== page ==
Columbia University Morningside Campus Fayerweather Building Room 313
On Thursday, April 2nd, Santiago Levy, the Vice President for Sectors and Knowledge at the Inter-American Development Bank, presented his latest research in a presentation entitled “The Chicken or the Egg? Informality, Productivity and Economic Growth in Mexico” to PEPM students and other guests on April 2, 2015 within an event co-sponsored by the Program in Economic Policy Management and the Center on Global Economic Governance at SIPA.
In his lecture, Dr. Levy elaborated on what he calls a Mexican paradox. He explained that Mexico demonstrates "solid macroeconomic performance, export success and accumulation of human and physical capital, but very little growth." He went on the ask the audience, "Why? Productivity has stagnated. Is that because the informal sector is too large, or the opposite? What explains persistent informality and stagnating productivity?"
In the 1990-2013 period, Dr. Levy’s research found stagnant Total Factor Productivity growth, a largely persistent informal sector and low average annual growth rate despite macroprudential and successful developmental efforts. He challenges the view that education (and similarly growth) will take care of informality. In his closing remarks, Dr. Levy concluded that "Despite getting an A+ from the IMF, despite NAFTA, despite a lot of effort in human capital, Mexico is an economy that is characterized by a large amount of distortions. More importantly, these distortions are generating a very large informal sector and reducing the productivity of the economy in a substantial way."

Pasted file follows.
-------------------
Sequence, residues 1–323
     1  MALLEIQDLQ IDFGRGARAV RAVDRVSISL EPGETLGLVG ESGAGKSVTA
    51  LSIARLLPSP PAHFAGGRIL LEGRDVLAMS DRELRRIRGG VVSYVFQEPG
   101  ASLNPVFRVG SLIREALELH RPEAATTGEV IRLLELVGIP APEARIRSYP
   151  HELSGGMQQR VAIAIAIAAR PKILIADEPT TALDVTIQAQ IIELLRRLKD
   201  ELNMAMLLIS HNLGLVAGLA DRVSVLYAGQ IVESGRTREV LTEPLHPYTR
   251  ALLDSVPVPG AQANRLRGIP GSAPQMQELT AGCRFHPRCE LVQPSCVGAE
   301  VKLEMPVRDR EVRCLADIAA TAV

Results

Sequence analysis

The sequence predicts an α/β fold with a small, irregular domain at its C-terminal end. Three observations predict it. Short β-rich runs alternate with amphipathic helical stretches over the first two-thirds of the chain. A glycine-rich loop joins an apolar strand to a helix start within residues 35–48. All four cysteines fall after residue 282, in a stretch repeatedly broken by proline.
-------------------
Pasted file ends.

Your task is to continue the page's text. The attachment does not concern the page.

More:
Dr. Levy’s lecture built upon an integral part of the PEPM Spring Microeconomics II course taught by Professor Jan Svejnar. The first part of the course covers a wide range of microeconomics topics essential for policy debate, such as labour market frictions, information assymetries and wage models. The second part of the course is comprised of guest lectures which introduce PEPM students to the most recent frontier research done in the fields of microeconomics.
Learn more about Prof. Jan Svejnar's “Microeconomics II – Topics in Policy-oriented Microeconomics class” and other PEPM courses here.